The play Alice Invents a Little Game and Alice Always Wins represents a chance for the award-winning poet and memoirist (Another Bullshit Night in Suck City ) to “work a muscle [he] hadn’t before.” He currently teaches creative writing at the University of Houston.
Is Alice your first play?
In my memoir there are fragments of writing that look like plays. It’s interesting to build whole worlds out of what people say and to line that up against what they are doing, which can create another level of tension, especially if the two don’t line up perfectly.
How many productions of Alice have been staged?
Alice started as a commission for the Vineyard Theatre in New York—they asked four poets to each write a one-act play, then connected us with actors and directors, and we had a week or so to rehearse before a two-night run.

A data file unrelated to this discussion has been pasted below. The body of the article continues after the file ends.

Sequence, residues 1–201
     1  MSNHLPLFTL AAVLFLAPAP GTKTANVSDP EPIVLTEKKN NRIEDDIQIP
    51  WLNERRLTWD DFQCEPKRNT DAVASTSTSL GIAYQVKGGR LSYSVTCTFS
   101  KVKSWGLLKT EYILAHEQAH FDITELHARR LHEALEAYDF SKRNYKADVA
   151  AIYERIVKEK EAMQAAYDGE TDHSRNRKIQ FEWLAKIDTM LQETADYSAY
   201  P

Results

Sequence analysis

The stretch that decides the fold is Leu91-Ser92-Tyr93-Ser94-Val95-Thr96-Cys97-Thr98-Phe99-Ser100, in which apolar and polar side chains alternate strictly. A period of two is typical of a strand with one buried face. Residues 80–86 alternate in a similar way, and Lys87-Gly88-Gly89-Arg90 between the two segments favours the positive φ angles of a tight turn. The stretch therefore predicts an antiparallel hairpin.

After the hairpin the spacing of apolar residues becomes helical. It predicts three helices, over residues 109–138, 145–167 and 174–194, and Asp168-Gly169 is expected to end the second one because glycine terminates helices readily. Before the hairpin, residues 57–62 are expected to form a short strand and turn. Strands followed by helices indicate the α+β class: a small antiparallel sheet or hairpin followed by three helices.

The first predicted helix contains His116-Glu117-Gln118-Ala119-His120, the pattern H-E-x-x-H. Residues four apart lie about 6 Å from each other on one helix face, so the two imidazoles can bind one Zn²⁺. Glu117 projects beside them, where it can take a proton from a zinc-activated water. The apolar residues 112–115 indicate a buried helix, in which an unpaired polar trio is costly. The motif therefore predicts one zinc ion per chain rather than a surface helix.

What have you learned from the directors and actors who have staged it?
One thing I’ve learned is that actors want to know the backstory to a character. There’s a guy in Alice named Ivan, and it is unclear whether he is a businessman or homeless, and the actor really needed to know. The problem was, I didn’t know, and still don’t—he’s a slippery character.
How do you approach a play differently, from a poem or memoir, knowing that live persons will have to act out your words?
From the work I did with the actors, my respect for the craft of acting really deepened, to see how seriously each word was weighed, considered, attempted in various ways—how they could find aspects of the characters that even surprised me, through intonation, inflection, pauses, gesture. It really feels very collaborative, but then even writing a memoir feels collaborative, in a way, in